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    This study provides insights to foreign marketers interested in maximizing Chinese consumers' engagement through viral video advertising and conv… Read More
    This study provides insights to foreign marketers interested in maximizing Chinese consumers' engagement through viral video advertising and convergence culture. Nevertheless, the insights uncovered can be leveraged to maximize engagement through other forms of marketing. Read Less
Viral Video Advertising & Convergence Culture
Insights for Foreign Marketers on Maximizing Chinese Consumers' Engagement
Research Project | 
International Practicum at the Communication University of China (CUC)
As part of the final requirements for my master’s program in Global Marketing Communication and Advertising (GMCA) at Emerson College, I recently participated in an international marketing practicum at the Communication University of China (CUC) in Beijing.

Through a combination of lectures, field trips, and interactive sessions at various advertising, marketing and media companies in both Beijing and Shanghai, this cultural immersion helped familiarize me with the business, cultural and media environment of China.

The international marketing practicum culminated in a collaborative research project with another GMCA student and two graduate students from CUC’s School of Advertising. For this research project, we were tasked with developing a study providing insights to foreign marketers interested in maximizing Chinese consumers’ engagement through viral video advertising and convergence culture.

The study begins by exploring the evolution of advertising in China, particularly within the last century. Next we examine the concepts of viral video advertising and convergence culture, illustrated by examples within and outside China. Ultimately, observations made throughout the practicum and the trends identified through this research project fuel the insights provided at the end of study.

Although this study focuses on viral video advertising and convergence culture, the insights uncovered canbe leveraged to maximize Chinese consumers’ engagement through other forms of marketing.
Advertising is hardly a new concept in China as banners and pictorial ads have been in use since as far back as the Song Dynasty (960 - 1260). However, in an attempt to give more focus to our study, we examined the evolution of advertising in China over the last century.
These vintage Chinese print ads combining the calendar girl style and picture-writing technique are typical of advertising poster art during this period. Although these ads are promoting products across very different categories (beer, milk powder, and tobacco), there appear to be overarching themes of beauty, elegance and simplicity. Furthermore, there is less focus here on the brand or product being advertised. Instead, more emphasis is placed on the ad’s imagery.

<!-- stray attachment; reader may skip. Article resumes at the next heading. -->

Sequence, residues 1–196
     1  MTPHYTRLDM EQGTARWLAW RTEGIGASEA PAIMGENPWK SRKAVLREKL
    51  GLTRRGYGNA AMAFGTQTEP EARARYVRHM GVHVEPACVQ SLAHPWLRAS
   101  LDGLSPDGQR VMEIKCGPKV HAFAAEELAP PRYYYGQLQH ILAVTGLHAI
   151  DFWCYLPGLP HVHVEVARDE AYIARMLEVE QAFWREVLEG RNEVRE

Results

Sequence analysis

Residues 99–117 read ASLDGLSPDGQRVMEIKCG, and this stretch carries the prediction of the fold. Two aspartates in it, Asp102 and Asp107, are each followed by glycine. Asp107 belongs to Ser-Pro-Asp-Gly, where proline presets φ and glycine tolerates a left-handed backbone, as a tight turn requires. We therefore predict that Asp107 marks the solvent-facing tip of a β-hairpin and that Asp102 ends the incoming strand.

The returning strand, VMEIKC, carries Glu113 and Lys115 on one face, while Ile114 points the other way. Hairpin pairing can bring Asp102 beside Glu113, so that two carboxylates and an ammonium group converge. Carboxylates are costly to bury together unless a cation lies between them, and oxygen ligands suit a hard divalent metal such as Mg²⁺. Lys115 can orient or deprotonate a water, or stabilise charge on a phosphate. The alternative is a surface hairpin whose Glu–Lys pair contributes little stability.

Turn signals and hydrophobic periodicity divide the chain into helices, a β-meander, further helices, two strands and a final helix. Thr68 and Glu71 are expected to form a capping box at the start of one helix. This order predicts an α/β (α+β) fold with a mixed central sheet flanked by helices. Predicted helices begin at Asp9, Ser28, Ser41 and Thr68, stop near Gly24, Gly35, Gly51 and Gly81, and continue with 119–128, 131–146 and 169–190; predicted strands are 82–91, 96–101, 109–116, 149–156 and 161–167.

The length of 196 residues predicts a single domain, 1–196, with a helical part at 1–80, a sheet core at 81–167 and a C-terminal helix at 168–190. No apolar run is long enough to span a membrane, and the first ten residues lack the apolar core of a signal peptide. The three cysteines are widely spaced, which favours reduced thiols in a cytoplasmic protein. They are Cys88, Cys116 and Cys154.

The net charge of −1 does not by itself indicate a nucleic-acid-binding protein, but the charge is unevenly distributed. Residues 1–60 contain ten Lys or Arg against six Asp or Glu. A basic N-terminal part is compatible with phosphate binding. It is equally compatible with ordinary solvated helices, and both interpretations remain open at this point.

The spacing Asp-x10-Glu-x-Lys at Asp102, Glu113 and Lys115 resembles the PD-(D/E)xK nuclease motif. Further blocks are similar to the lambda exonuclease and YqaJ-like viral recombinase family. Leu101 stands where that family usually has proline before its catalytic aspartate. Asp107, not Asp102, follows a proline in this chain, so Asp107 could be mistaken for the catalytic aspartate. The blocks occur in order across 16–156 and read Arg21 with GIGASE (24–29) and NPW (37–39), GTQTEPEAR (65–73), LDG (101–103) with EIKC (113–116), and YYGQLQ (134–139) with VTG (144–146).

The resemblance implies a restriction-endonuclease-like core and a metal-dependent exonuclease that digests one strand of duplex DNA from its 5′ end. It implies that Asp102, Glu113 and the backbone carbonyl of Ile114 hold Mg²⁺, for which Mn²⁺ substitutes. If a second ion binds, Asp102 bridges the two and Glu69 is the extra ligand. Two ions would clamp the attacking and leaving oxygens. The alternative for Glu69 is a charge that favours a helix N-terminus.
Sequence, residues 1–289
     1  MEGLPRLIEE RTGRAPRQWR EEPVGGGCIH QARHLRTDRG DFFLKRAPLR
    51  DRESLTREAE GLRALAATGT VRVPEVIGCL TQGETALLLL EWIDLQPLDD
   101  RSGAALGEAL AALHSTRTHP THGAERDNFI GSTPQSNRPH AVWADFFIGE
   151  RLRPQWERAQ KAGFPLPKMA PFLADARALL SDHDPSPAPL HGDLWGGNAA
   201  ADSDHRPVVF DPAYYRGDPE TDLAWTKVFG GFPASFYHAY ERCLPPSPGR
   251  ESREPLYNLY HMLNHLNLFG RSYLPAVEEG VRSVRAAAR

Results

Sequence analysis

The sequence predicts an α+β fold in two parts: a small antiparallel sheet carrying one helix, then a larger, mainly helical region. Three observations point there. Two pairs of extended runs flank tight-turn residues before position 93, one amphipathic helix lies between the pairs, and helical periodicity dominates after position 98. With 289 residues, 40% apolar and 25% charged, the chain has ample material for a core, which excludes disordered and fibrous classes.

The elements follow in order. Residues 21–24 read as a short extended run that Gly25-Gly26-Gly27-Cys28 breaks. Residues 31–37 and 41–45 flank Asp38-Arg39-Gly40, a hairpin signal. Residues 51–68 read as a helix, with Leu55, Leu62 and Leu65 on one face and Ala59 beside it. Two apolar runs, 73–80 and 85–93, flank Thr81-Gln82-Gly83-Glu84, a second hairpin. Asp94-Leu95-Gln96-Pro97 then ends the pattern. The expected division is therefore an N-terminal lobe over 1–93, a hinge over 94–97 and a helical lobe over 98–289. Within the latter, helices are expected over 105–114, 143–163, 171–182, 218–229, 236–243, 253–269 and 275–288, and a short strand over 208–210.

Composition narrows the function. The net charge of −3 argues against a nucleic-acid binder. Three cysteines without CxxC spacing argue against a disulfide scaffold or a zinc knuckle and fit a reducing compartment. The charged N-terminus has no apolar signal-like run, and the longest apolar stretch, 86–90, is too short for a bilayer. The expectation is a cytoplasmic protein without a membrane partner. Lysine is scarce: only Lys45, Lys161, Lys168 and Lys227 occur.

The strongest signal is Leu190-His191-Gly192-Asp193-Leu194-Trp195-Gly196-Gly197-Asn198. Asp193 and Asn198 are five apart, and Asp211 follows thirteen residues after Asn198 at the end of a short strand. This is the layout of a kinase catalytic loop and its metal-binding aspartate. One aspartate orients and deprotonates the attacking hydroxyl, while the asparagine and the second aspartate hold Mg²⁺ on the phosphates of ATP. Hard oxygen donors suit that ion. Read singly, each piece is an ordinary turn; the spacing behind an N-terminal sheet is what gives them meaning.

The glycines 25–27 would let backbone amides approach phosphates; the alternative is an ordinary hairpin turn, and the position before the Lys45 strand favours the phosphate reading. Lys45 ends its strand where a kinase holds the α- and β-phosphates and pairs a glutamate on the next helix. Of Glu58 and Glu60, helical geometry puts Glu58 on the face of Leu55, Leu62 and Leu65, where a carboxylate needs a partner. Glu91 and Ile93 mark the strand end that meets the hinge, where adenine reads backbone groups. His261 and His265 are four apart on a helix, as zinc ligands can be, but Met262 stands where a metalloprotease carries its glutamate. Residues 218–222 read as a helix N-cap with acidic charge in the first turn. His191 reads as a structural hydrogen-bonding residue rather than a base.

During this period, the government imposed a ban on commercial advertising following the rise of the Chinese Communist Party (CCP). As Dr. Luding Tong, Director of Asian Studies at Marietta College, explains in her essay on advertising and its censorship in contemporary China, "advertising was criticized as a perversion of public communication for decadent commercial purposes (Tong 2007)." Consequently, most of the ads during this period were state-sponsored and in the form of propaganda posters infused with political ideology, as can be seen in the examples above.
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Mass media was completely under government control until the 1980s, and commercial advertising resurfaced as China began opening up to foreign commerce in the wake of economic reform.

Dr. Xin Zhao, Assistant Professor of International Marketing at the University of Hawaii recalls the changes during this period in an article featured in the university’s magazine: "Although nationalism was still prominent in Chinese advertising, advertisers no longer felt compelled to strike political chords and instead played to China’s rising consumerist culture."

This classic Nescafe TV ad, which helped the brand gain huge success among Chinese consumers, is one of the many ads that aired in the 80s during the restoration of advertising in China.
Evolution of Advertising in China: 2000s - Present
Today China is home to one of the world’s fastest-growing advertising industries. In recognition of the vast opportunities this emerging market offers, multinational advertising agencies have set up shop across the country to help both local and foreign brands engage effectively with Chinese consumers.

Advertising has also evolved to address the changes in Chinese consumers’ needs, desires and buying behavior. This contemporary Nescafe TV ad starring famous Chinese novelist and racecar driver Han Han (韩寒) exemplifies the marked change in how foreign brands are engaging with Chinese consumers. In comparison to the 80s Nescafe TV ad, this one boasts a richer narrative that infuses the brand’s values with Chinese consumers’ current attitudes and beliefs.

Towards the end of the ad, the text Han is shown writing is translated as follows: "Even if you ride a motorbike wildly and are unsure about which direction you are going, there is a light that will always lead you in the right direction." The ad then ends with the tagline, "Live out your boldness."
The emergence of social media networks and other digital technologies within the last decade has given rise to viral videos, and marketers have been quick to turn this phenomenon into a new form of advertising, aptly referred to as viral video advertising.

In an article in the Journal of Interactive Marketing, Hennig-Thurau et al. (2004) define viral video advertising as when "a company uses consumer communication as a means of multiplying a brand's popularity through customers spreading the message to their contacts."